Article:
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A tale of two parties

With their presumptive presidential nominees now in place, the two major political parties face starkly different, and critical, challenges. The Democrats have already taken impressive steps toward internal unity approaching the Hillary Clinton campaign. The Republicans, meanwhile, are deep in disunity over the fallout of Donald Trump's selection and his divisive behavior.

The rapid response in Democratic ranks to Ms. Clinton's victories over Sen. Bernie Sanders in four of last Tuesday's six state primaries, including California, was breath-taking. Mr. Sanders quickly congratulated her, and while he pledged to his faithful followers that he would remain a candidate through the primary process and into Democratic National convention late next month, he vowed he would do all he could to make sure Mr. Trump never will reach the presidency.

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Upon returning east from California, Mr. Sanders paid a courteous call to President Barack Obama at the White House, where Mr. Obama praised his strong campaign effort that brought millions of new voters to the party. Then the Obama staff swiftly aired unequivocal remarks by the president endorsing Ms. Clinton in the most effusive terms, as Mr. Sanders held a round of cordial talks with Senate Minority Leader Harry Reid and Vice President Joe Biden. It was a political minuet worthy of a master ballet impresario.

All this time, the Republicans continued to wallow in the mud of Mr. Trump's incredible campaign blunder that capped his own successful nomination run through the primaries. His pivot to a petty fight with the federal judge presiding over a civil suit alleging fraud by the defunct Trump University immediately threw him and his campaign onto the defensive. And Mr. Sanders is expected to meet with Ms. Clinton Tuesday night to see, as he told CBS' John Dickerson, "what kind of platform she is going to support and in fact how aggressive she is going to be in addressing the major crises that we face."

Mr. Trump alleged that the judge, an Indiana-born son of naturalized parents of Mexican heritage, could not preside fairly because Mr. Trump was planning to build a wall on the Mexican border. The reaction among leading Republicans who had reluctantly swallowed the Trump endorsement medicine was swift and harsh. House Speaker Paul Ryan labeled Mr. Trump's remark "the textbook definition of a racist comment."

Republican Sen. Mark Kirk of Illinois, who also had endorsed Mr. Trump while figuratively holding his nose, swiftly withdrew his backing. Mr. Trump, who in a victory speech on primary night had assured his cheering followers, "I will never back down, and our country will never back down," insisted his remarks had been "misconstrued," and said he would have nothing more to say about the whole business. Republican calls for an apology to the judge soon were heard.

Mr. Trump's immediate strategy was to pivot to a full-throated attack on Ms. Clinton and her family's Clinton Foundation, as dismayed Republicans began to express buyer's remorse about their embrace of The Donald, and to wonder whether it was too late to find some exit from the political nightmare they had visited upon themselves.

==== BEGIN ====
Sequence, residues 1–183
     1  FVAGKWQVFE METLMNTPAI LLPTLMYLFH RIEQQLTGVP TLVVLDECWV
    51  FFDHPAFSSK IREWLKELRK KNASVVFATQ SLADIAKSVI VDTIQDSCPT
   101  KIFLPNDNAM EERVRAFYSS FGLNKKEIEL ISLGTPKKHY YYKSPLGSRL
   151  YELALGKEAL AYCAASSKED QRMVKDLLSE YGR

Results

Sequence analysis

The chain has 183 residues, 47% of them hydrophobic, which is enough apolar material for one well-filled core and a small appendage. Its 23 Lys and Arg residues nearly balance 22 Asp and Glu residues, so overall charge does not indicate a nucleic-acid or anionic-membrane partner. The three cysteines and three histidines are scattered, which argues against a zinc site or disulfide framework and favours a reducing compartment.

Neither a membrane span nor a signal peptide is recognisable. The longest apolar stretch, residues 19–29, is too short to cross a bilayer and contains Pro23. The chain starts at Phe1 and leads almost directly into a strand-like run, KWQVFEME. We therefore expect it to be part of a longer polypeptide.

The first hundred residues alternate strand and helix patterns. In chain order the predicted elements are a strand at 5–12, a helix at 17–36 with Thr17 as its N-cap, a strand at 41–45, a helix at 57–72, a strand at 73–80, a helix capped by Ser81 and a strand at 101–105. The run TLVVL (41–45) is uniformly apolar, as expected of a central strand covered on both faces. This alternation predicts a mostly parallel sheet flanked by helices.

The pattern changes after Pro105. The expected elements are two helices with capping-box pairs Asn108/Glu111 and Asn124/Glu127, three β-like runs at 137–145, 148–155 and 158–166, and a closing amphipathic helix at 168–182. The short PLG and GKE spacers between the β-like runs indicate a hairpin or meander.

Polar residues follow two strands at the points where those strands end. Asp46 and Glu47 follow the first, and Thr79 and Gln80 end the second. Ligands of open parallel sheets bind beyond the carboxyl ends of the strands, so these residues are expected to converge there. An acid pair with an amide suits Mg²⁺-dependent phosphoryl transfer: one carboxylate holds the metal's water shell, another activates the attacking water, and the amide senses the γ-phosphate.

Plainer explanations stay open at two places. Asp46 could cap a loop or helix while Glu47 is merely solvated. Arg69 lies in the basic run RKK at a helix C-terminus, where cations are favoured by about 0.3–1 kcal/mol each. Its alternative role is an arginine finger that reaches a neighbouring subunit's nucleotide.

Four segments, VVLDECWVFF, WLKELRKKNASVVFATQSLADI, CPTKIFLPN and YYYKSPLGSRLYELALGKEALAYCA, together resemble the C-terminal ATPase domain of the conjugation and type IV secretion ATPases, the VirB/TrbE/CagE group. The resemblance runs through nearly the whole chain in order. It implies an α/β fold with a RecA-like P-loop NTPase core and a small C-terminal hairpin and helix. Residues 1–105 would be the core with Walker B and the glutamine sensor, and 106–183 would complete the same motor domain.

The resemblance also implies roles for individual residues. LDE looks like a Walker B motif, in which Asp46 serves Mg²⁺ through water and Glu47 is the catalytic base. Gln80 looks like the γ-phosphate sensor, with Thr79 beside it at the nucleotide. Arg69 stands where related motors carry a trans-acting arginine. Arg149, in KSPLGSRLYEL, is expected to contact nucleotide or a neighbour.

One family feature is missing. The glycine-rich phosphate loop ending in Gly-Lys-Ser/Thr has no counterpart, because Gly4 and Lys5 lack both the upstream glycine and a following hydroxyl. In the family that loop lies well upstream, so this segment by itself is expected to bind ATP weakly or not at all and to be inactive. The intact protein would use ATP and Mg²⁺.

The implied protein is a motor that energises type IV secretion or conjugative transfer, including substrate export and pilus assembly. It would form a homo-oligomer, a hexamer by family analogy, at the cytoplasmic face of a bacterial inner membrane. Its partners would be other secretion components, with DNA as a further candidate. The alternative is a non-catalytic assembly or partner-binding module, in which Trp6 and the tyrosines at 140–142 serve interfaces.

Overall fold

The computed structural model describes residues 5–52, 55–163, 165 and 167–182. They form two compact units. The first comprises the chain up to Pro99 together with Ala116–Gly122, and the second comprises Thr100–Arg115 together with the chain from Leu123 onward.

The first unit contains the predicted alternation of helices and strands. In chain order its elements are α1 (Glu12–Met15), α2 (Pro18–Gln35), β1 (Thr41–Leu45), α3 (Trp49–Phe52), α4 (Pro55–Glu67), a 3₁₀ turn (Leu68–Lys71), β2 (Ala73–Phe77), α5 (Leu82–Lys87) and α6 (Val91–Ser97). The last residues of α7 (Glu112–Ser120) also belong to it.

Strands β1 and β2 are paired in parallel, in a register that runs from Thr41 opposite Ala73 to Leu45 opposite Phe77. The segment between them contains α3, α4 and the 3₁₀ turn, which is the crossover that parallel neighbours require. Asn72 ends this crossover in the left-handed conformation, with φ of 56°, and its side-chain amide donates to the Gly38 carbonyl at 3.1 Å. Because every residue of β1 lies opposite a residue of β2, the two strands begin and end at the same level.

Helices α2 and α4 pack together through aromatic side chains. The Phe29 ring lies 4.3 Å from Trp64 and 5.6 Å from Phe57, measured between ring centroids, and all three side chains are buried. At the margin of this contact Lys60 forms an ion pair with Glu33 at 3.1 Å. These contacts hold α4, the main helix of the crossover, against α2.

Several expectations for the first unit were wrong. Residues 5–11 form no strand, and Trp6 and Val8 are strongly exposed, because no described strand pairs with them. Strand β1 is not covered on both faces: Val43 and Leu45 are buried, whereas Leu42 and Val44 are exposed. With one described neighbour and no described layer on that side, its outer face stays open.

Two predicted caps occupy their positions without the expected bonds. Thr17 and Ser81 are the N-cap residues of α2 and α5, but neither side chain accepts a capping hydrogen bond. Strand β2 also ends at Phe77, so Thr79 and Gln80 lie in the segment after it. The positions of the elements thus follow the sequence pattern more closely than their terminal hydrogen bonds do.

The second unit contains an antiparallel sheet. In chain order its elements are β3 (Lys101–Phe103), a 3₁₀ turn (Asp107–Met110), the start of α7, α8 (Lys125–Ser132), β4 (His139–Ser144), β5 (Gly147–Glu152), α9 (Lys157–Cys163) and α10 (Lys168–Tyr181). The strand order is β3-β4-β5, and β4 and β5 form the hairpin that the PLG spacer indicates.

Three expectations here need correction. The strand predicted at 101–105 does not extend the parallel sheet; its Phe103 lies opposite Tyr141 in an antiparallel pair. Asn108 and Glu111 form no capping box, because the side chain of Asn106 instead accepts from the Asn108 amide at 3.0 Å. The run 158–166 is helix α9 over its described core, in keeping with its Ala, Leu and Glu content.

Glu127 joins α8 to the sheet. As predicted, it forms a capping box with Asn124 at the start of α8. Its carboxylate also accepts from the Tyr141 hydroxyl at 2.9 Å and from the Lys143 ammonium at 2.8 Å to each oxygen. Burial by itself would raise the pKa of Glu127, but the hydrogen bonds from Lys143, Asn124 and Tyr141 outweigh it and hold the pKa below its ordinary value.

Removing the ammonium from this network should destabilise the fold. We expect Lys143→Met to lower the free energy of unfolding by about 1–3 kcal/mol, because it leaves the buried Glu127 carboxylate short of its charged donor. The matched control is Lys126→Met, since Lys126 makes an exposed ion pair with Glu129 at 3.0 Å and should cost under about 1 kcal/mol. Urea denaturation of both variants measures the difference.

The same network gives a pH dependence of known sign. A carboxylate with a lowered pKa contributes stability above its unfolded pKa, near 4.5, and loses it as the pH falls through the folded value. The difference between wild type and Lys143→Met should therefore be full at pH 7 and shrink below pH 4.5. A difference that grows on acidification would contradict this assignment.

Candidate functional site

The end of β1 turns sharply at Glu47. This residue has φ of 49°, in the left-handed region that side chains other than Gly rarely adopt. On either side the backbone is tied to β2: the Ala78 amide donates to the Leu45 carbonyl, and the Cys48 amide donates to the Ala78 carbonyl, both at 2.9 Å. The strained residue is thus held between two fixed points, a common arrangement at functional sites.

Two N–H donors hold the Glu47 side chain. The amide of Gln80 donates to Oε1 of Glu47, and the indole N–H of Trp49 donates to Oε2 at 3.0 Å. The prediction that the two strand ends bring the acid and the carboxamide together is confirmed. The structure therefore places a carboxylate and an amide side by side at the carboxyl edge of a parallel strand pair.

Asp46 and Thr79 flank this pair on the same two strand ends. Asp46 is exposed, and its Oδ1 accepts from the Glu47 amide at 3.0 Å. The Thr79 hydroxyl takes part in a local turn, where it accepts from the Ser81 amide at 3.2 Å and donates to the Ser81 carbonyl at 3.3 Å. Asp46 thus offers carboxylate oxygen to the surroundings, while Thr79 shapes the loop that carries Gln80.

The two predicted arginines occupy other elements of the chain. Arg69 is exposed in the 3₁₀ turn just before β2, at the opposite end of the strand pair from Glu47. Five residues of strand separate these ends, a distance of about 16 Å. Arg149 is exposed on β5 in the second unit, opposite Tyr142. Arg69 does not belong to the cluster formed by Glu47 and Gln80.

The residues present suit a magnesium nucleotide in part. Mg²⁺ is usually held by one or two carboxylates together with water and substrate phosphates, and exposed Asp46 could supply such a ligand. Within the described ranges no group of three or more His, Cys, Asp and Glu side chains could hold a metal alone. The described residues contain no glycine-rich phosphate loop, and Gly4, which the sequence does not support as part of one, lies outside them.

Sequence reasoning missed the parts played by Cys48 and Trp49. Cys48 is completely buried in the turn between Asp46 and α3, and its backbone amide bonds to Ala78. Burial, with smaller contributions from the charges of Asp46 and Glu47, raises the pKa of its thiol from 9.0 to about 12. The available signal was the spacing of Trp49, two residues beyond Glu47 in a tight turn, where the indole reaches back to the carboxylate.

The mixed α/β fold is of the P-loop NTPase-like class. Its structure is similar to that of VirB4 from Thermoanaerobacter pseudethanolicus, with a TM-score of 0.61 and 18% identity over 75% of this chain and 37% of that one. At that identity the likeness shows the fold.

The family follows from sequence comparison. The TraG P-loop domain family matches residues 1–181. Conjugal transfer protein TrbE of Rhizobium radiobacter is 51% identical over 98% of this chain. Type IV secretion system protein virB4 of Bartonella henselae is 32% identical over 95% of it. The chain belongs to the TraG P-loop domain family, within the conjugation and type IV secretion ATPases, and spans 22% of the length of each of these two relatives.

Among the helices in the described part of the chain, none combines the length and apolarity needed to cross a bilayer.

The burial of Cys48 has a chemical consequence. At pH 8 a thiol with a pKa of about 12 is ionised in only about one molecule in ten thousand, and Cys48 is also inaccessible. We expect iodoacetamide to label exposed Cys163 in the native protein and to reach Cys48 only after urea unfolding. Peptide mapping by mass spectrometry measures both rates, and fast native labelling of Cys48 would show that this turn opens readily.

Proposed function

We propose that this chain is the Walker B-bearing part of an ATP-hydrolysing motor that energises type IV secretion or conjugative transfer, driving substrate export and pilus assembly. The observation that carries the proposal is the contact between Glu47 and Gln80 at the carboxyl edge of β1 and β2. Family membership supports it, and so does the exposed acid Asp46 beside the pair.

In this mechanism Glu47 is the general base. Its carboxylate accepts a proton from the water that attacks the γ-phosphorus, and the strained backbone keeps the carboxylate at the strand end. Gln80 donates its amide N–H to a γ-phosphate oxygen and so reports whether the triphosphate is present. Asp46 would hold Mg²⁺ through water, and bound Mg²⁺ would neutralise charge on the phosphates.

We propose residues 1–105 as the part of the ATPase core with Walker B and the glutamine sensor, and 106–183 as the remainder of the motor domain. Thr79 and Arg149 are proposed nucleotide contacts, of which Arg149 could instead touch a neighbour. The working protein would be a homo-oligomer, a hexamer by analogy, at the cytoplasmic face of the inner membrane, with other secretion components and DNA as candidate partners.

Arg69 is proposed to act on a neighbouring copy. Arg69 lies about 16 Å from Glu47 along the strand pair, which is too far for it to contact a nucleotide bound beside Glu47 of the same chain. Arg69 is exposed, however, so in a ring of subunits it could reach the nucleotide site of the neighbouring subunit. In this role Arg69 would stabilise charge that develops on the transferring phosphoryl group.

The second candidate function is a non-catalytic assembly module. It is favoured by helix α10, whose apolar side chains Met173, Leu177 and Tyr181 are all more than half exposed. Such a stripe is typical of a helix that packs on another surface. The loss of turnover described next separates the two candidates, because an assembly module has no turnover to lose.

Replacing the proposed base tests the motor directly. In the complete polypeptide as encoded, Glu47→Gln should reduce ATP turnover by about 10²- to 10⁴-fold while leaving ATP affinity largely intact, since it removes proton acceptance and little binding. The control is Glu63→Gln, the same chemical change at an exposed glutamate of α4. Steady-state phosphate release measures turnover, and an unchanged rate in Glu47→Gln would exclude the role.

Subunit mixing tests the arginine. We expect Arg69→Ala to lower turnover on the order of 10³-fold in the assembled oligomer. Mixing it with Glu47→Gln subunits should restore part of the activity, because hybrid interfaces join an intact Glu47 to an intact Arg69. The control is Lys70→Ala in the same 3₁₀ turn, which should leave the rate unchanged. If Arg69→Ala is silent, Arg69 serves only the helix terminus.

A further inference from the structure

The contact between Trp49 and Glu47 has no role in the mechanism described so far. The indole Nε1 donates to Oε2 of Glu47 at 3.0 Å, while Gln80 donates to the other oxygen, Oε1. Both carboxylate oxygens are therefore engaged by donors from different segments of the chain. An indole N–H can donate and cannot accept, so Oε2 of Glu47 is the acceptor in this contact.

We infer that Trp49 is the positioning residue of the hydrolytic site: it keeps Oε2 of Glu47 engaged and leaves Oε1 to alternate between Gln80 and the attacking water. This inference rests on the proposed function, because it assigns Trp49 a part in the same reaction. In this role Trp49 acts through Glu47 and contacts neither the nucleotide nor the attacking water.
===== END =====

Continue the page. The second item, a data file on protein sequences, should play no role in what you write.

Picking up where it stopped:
At a gathering of Republicans in Utah sponsored by 2012 nominee Mitt Romney, there was continued musing over a possible third-party savior, and some Republicans hinted that Libertarian Party nominee Gary Johnson might fill the bill. But the fact remained that Donald Trump's undisciplined mouth had really gotten him and his party in what the former senior President George Bush once famously dubbed deep doo-doo.

As the 2016 campaign now slips into a brief coasting period until the Republican National Convention in Cleveland starting July 18, Hillary Clinton has the huge advantage of a distinctly optimistic launching pad to the general election of a Democratic Party clearly closing ranks behind her. Donald Trump, meanwhile, continues to dig himself an ever-deeper hole within the Republican Party he has hijacked from its own establishment wing, now increasingly hostile to him.

Mr. Trump's immense success in capturing the GOP nomination weeks before Ms. Clinton cemented her own party's nomination has now been squandered, and he is obliged to spend the weeks until the Cleveland convention trying to recover campaign momentum lost by his own undisciplined and politically suicidal remarks.

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Up to now, Mr. Trump's strength and appeal within angry Republican ranks has been his outspoken toughness and certainty on how his unquestionable business success will "make America great again." But as his loose tongue derogates some of the most basic American principles against racial and ethnic bigotry, he faces the fall campaign already perilously wounded as an undependable presidential nominee.

Jules Witcover is a syndicated columnist and former long-time writer for The Baltimore Sun. His latest book is "The American Vice Presidency: From Irrelevance to Power" (Smithsonian Books). His email is juleswitcover@comcast.net.

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